Would somebody tell that guy that runs Mexico to buy a map?
Up until the final days of the 2010 legislative session, Georgia was about to become the only state in the union without an arts council. The Georgia House had dropped all funding for the arts and it wasn't until the state Senate under the leadership of Senate Appropriations Chairman Jack Hill, R-Reidsville, stepped in and restored $860,000 for the Georgia Council for the Arts. That money will allow the state agency to qualify for federal and state matching arts grants.
Kathy Cox has resigned as State School Superintendent to take a new job in Washington. I have no way of knowing who will win the job this fall, but I do know that what public education lacks more than dollars is a strong and effective advocate.
If I want to pucker a few know-it-all Yankee fannies, all I have to do is start bragging about how the Great State of Georgia is most blessed among these our United States.
I don't give a flip whether Jason Carter is elected to the Georgia Senate or not. He won't represent me because I don't live in Georgia's 42nd District. What I do care about is that his grandfather, Jimmy Carter, is at it again.
Now that the legislative session is (drum roll, please) history, it is time to turn our sights to the governor's race.
With the legislature about to wind up another colossal performance of democracy in action, there is still some unfinished business awaiting our public servants.
Bob Ryan, noted sports columnist for the Boston Globe, recently ripped the National Collegiate Athletic Association for considering University of Georgia president Michael Adams as CEO of that organization to succeed the late Myles Brand, saying it would be a "colossal mistake." The NCAA search is being conducted by Parker Executive Search of Atlanta, the same firm that recommended Adams for the UGA job.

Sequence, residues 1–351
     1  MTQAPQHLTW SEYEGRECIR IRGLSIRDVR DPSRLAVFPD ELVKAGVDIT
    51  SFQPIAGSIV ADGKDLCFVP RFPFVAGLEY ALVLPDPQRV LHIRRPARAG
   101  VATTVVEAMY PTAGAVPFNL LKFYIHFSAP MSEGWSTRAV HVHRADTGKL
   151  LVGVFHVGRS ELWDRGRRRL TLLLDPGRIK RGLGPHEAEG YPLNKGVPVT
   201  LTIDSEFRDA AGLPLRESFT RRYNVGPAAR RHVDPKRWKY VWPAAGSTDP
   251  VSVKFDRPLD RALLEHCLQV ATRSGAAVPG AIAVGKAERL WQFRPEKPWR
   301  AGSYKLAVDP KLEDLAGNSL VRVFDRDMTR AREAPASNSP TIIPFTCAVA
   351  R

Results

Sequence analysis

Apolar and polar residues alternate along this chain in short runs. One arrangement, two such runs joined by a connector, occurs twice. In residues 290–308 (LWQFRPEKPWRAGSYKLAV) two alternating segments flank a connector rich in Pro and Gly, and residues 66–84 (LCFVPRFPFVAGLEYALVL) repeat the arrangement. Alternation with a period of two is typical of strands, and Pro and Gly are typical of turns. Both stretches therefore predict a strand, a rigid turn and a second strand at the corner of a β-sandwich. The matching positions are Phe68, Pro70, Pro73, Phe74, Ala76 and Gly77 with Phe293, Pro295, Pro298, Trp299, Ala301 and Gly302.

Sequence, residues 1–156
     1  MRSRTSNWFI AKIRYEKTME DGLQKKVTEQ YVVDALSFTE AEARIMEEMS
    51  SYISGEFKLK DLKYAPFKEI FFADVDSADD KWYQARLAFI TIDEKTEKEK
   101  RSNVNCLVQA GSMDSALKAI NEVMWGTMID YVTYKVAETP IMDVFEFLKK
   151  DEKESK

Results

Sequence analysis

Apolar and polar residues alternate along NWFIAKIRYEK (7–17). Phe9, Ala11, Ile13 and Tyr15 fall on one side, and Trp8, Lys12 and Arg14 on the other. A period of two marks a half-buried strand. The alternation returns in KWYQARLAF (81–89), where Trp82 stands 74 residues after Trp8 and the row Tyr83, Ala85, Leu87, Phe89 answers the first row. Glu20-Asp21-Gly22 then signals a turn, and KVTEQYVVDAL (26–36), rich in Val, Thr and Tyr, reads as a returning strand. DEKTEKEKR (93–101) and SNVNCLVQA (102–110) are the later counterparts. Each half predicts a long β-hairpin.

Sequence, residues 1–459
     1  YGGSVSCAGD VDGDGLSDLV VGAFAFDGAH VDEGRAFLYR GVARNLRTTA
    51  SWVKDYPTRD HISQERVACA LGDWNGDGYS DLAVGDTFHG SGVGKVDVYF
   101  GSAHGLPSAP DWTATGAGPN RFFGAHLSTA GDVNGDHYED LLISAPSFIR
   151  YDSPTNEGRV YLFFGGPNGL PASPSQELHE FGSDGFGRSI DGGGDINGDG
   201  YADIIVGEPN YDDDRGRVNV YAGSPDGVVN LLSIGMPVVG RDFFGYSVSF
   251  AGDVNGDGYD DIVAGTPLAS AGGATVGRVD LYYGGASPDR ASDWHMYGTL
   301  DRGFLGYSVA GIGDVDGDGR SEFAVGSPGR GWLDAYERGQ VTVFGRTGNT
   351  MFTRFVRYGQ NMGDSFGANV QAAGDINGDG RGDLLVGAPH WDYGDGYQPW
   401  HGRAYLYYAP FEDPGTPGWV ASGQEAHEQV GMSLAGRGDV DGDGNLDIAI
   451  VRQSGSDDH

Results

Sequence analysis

Sometime ago I mentioned the worst customer service and the best customer service I ever received - all in the same week. I reprise the saga because the hero of the story recently and tragically died.
I have a lot of respect for third-term state Sen. Ronnie Chance, R-Tyrone. Sen. Chance's father, Louie, and I grew up in College Park and I know for a fact the young man comes from good stock. Louie Chance is a Great American.
Even conceding our state's seemingly clueless attitude toward understanding the importance of education to Georgia's future prosperity, our politicians and bureaucrats are going to have a hard time screwing up the College of Coastal Georgia. The institution simply has too much going for it.
Senate Majority Whip Mitch Seabaugh, R-Sharpsburg, wants to eliminate a bunch of Superior Court judges in Georgia. Seabaugh says getting rid of 19 judges would save the state $13 million to $14 million.
In the midst of one of the worst economic crises in memory, members of the Georgia General Assembly have to make some extremely difficult financial decisions. I don't envy them their job.
I am up to my gizzard with our governor, legislature and assorted bureaucrats stomping around in public education with little regard for the consequences of their actions. Example: One school system in the state has been considering allowing the police to bring Tasers into the schools to quell unruly students.
While you and I have been tending to the mundane matters of life like filing our taxes and paying our bills, members of the General Assembly have been watching too many science fiction movies.
My fellow Georgians: In order to keep my national certification as a modest and much-beloved columnist, it is required that I submit to you at the first of every year my State of the Column message. (Yay! Clap! Clap! Clap!)
Allen Peake is a man on a mission. The five-term Republican state representative from Macon is the driving force behind proposed legislation to legalize medical marijuana in Georgia.
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